The all-ages CocoRosie show in Seattle happened on Friday night at Showbox at the Market and they brought Brazilian-born-London-based singer Cibelle to be the opener. Cibelle is a quirky character that has her stage (and herself) decorated with feathers and glitter — lots of glitter. She didn’t have a band, just an electric guitar and a little machine with the rhythms and noises of birds and forests. She follows the school of Brazilian music for exportation with a bossa nova vocal approach and lyrics that talk about love. She has a strong personality, though, taking off her dress and playing half of her 30-minute set with a very tight bodysuit and shorts with holes on it. The crowd seemed to enjoy it. The machine she used somehow dialogues with the main attraction so it made sense?
At about ten o’clock, the Casady sisters took the stage accompanied by Tez, the beatboxer, drummer/percussionist Marc Lacaille and Gael Rakotondrabe, the piano player I praised when I reviewed Grey Oceans back in May. The table with toys next to Bianca, Sierra’s harp, and the projections on a back screen made it obvious that it was not going to be your average show.
They kicked off with “R.I.P. Burn Face” followed by “Undertaker.” Those familiar with the album probably noticed some subtle changes either on the melodies or vocal lines on almost every song, which made the performance even richer and full of little surprises. The set was, as expected, heavily based on their latest record, with all but three songs performed. They also played a few from 2007’s The Adventures of Ghosthorse and Stillborn (“Rainbowwarriors” reworked and renamed “Black Rainbow” is incredibly strong live), Kevin Lytle’s “Turn Me On” and a couple of unreleased-but-often-played ones like the closer, “Tranny Power.”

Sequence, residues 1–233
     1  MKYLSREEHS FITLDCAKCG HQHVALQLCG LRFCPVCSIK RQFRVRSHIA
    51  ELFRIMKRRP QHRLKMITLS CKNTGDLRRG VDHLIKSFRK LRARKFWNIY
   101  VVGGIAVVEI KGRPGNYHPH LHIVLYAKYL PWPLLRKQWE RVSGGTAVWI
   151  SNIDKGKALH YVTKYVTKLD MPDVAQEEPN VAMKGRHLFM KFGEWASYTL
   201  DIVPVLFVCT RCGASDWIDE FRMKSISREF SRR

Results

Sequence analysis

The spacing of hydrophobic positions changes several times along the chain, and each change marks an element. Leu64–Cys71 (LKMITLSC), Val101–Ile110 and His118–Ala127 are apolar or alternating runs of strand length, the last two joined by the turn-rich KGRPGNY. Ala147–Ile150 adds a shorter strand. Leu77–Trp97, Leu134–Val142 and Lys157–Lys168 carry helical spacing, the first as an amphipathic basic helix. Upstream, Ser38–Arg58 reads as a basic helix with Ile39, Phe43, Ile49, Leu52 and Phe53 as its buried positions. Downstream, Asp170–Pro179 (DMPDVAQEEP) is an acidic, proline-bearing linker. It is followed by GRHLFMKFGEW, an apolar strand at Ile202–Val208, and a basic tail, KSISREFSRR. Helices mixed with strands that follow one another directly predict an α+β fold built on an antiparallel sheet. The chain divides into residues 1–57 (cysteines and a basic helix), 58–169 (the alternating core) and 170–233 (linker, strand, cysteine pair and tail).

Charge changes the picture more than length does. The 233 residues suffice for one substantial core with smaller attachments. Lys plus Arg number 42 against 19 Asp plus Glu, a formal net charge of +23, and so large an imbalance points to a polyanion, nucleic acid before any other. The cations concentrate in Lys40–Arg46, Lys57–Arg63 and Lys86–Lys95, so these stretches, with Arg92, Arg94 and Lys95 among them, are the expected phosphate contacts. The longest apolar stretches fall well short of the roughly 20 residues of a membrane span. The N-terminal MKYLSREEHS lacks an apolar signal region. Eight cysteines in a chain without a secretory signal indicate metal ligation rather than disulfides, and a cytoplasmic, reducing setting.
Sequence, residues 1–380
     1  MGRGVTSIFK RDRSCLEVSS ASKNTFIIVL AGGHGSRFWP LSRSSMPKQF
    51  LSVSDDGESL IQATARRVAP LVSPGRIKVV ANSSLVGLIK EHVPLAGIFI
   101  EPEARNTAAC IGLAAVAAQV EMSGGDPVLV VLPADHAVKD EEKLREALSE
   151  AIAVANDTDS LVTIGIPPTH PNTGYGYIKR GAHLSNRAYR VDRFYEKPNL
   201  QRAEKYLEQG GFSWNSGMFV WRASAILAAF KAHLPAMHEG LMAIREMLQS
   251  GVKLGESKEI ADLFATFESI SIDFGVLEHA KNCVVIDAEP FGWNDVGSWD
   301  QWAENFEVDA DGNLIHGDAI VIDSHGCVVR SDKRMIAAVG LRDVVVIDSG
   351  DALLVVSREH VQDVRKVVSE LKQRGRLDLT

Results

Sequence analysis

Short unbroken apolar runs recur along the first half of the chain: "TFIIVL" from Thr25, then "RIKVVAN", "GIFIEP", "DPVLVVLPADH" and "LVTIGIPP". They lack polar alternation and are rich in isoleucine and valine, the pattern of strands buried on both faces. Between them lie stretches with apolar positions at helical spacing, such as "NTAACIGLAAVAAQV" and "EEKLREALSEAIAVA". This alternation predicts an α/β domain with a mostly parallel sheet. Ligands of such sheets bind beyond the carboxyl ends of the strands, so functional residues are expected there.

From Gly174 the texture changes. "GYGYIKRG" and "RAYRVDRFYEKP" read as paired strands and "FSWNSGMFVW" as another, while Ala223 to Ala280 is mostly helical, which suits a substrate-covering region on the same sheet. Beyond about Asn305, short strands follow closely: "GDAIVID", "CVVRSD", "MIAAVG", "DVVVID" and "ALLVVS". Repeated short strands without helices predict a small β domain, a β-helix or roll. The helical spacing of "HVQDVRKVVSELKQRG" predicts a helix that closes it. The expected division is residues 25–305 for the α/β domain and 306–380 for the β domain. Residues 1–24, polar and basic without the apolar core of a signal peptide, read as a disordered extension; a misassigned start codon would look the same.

The duo often receives very strong reactions from people. It’s the love-or-hate type of sound. Recently Antony Hegarty (Antony and the Johnsons) came to their defense with an enlightening essay on the album and the reasons why they have been neglected by the American press for years. The reviews of their albums and shows are usually superficial and focus on their outfits, the toys and the old inversion-of-gender-roles-story. The music becomes secondary and it shouldn’t. Seeing them live just reinforces the impossibility of being indifferent to their sound and their enchanting personae. Their mix of hip-hop, piano, children’s toys, a harp, and two of the most distinct vocal approaches put together is, to say the least, intriguing. Even more intriguing is that it works. They make people dance; they bring deep melancholy with the heartbreaking verses in many of their songs while making it all seem effortless somehow.
Highlights were definitely Sierra Casady’s amazing vocal power, the jaw-dropping beatbox solo number halfway through the set (and his interventions throughout the performance, naturally), the groovier “The Moon Asked The Crow” (which they performed live on KEXP earlier on that same day), the title track, and “Promise” with Sierra belting out the ending of the unreleased “Black Swan” accompanied by Tez and the piano. Surprisingly, one of the strongest, most beloved tracks on Grey Oceans, “Smokey Taboo” lost some of its magic live, maybe because a very modest intro replaced the breathtaking original one. There were important layers missing there. Also, not one track from their debut “La Mason The Mon Rêve” was played. Maybe one hour and thirty minutes was just not enough when you have so many great songs.